K-12 Teaching and Learning From the UNC School of Education


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The human atom
Students will act out the role of atoms by dressing up as the atoms of designated elements. They will wear costumes with balloons representing valence electrons. The “atoms” will gain or lose valence electrons in order to achieve chemical stability. The students must then identify the charges of the ions formed.
Format: lesson plan (grade 8–10 English Language Development and Science)
By Kamie Wine.
Electroplating: When is a penny worth less than one cent?
In CareerStart lessons: Grade eight, page 5.8
In this lesson, students understand the chemical differences between pennies made before and after 1982, and gain an understanding of the process of electroplating.
Format: lesson plan (grade 8 English Language Arts and Science)
By Tammy Johnson and Martha Tedrow.
Port of Wilmington
In Cape Fear estuaries: From river to sea, page 5
Moving to the south end of Wilmington we come to the ports. Ports and marinas are hard to avoid in estuaries, but large ports are worth a look. The ships visiting Wilmington's port are oceangoing cargo ships that need deep water to navigate. What does this...
By Steve Keith.
Chemical indicators of stream health
In Inquiry-based exploration of human impacts on stream ecosystems: The Mud Creek case study, page 5.1
Chemical attributes of a body of water help determine the number and diversity of organisms that it can support. Scientists measure a variety of chemical parameters to assess stream health, including pH, dissolved oxygen, total dissolved solids, turbidity,...
Format: article/classroom content
Conjunction of the Cape Fear River and the Northeast Cape Fear River
In Cape Fear estuaries: From river to sea, page 4
The town of Wilmington is located at the junction of the Northeast Cape Fear and Cape Fear rivers. In this photo the Cape Fear River is entering from the bottom. The water in the Cape Fear River is just turning salty as it reaches Wilmington, the zero salinity...
By Steve Keith.
Measuring total dissolved solids
In this video, Christine Muth of the North Carolina School of Science and Mathematics demonstrates how to measure the total dissolved solids of a water sample using a Vernier conductivity probe.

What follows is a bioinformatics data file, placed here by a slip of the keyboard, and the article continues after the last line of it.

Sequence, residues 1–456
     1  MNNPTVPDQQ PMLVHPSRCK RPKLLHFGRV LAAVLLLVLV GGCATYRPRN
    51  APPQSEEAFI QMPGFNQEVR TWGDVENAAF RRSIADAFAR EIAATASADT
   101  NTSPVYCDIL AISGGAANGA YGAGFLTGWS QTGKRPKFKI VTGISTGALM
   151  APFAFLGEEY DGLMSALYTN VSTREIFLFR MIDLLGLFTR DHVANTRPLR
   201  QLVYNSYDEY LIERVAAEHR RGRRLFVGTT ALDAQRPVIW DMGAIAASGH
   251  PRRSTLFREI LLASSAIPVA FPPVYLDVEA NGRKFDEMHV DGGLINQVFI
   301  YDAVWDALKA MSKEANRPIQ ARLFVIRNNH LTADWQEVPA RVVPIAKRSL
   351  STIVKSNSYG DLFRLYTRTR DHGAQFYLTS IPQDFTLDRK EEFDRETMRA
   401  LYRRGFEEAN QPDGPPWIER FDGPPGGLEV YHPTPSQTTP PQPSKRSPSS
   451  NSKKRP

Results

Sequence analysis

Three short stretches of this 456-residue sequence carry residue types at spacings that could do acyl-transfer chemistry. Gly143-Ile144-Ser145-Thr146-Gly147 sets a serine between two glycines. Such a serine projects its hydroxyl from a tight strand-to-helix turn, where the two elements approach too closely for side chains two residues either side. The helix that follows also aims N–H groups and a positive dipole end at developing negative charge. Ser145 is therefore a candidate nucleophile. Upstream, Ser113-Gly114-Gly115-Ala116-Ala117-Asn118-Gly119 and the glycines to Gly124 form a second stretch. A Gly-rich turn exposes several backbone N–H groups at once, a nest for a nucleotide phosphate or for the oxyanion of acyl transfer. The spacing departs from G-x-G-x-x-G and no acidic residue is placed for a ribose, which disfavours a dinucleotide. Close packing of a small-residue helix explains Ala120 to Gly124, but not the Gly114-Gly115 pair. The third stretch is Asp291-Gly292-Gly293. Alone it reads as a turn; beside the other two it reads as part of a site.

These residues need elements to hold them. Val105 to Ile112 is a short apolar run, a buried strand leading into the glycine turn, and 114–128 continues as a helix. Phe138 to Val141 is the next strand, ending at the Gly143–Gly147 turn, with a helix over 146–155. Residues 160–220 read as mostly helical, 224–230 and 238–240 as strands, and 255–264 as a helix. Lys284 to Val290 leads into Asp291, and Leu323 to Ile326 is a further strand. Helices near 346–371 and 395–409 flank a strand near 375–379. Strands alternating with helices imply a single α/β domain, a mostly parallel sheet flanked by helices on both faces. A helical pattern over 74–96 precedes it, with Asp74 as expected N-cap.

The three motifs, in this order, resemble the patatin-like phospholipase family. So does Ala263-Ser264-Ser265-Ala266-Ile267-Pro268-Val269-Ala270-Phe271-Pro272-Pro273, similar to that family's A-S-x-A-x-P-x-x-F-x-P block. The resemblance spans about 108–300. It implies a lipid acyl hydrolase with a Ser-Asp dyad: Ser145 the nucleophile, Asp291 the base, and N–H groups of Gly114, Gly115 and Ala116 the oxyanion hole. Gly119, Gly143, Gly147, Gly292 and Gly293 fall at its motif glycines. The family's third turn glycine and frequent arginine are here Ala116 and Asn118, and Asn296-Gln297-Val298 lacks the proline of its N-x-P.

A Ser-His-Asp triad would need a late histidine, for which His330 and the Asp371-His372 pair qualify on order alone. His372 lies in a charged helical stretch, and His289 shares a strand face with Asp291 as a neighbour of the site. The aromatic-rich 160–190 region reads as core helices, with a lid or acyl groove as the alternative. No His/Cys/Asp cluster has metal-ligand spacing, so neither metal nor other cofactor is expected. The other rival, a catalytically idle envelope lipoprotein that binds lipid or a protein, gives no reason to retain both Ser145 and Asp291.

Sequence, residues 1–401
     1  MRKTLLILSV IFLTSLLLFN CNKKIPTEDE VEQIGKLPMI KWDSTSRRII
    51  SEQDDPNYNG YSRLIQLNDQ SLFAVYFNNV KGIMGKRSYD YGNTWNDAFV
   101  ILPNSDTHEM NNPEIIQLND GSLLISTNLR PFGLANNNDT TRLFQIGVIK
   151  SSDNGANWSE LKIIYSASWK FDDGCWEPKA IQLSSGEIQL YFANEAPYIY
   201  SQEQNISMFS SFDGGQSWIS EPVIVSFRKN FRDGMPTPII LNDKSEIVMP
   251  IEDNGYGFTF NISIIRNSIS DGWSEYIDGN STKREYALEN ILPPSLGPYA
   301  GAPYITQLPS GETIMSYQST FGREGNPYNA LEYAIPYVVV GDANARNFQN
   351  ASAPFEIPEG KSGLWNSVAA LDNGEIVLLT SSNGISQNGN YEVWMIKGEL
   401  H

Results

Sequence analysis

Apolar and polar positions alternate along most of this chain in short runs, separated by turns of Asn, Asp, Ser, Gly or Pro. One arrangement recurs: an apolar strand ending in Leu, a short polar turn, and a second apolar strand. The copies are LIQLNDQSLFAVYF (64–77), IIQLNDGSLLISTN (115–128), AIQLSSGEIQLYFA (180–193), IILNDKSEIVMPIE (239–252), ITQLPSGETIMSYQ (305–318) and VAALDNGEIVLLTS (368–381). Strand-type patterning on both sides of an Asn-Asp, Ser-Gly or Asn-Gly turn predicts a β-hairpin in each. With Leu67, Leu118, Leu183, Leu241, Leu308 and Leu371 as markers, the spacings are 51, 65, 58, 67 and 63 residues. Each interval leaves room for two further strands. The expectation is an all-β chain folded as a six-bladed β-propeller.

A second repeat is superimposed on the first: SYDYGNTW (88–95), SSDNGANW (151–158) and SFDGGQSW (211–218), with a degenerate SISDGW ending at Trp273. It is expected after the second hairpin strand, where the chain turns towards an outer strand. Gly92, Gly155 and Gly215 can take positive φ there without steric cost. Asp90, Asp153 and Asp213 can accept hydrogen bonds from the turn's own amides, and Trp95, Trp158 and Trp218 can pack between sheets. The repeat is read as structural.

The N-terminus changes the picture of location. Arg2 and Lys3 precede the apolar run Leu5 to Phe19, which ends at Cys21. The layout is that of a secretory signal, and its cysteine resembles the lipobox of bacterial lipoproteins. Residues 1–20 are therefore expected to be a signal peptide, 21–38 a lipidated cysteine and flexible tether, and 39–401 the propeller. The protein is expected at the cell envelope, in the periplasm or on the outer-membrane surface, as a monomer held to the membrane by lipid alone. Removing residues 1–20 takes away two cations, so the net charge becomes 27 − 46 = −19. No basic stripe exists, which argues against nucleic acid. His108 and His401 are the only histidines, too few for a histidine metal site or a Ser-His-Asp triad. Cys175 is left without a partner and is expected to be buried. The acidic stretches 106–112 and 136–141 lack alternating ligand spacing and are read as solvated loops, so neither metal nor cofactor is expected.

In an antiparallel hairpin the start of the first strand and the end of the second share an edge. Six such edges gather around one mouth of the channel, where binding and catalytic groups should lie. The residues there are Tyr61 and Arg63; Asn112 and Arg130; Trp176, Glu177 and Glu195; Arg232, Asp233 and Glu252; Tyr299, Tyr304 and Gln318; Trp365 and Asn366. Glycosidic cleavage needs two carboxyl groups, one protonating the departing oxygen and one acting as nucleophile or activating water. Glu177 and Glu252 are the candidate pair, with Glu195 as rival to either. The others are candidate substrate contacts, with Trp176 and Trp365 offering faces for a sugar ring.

Format: video/demonstration
Jellybean equations
Students will build chemical compounds using jelly beans and toothpicks to visually balance chemical equations.
Format: lesson plan (grade 8 Science)
By Nancy H. Sanders.
Cell theory and plant respiration
In CareerStart lessons: Grade eight, page 5.4
In this lesson, students conduct an experiment using plants to gain an understanding on the effects of sunlight on cell processes.
Format: lesson plan (grade 6 and 8 Science)
By Tammy Johnson and Martha Tedrow.
How do chemists measure?
In Why does chemistry matter in my life?, page 2
In this lesson, students learn about metric conversion and scientific notation by completing a lab in which they mix a gold solution with a sodium citrate solution and observe the subsequent chemical changes.
Format: lesson plan (grade 9–12 Science)
By Lisa Hibler.
Biomanufacturing: An inquiry lesson in growing cells
In this lesson, students are introduced to the biomanufacturing industry. To understand the intricacy of biomanufacturing pharmaceuticals, students will complete a cell growth activity. They will grow yogurt bacteria in milk media to try to produce lactic acid and adjust variables to try to optimize cell growth and the amount of product produced.
Format: lesson plan (grade 8 English Language Arts and Science)
By Cinnamon Frame.

Resources on the web

The Exploration of the Earth's Magnetosphere
Articles and information accompanied by realia-type images, a glossary, a timeline, and a teacher's guide that lead the student on a learning journey about the gases which fill most of space and are ruled by magnetic and electric forces rather than by gravity. (Learn more)
Format: website/activity
Provided by: Dr. David Stern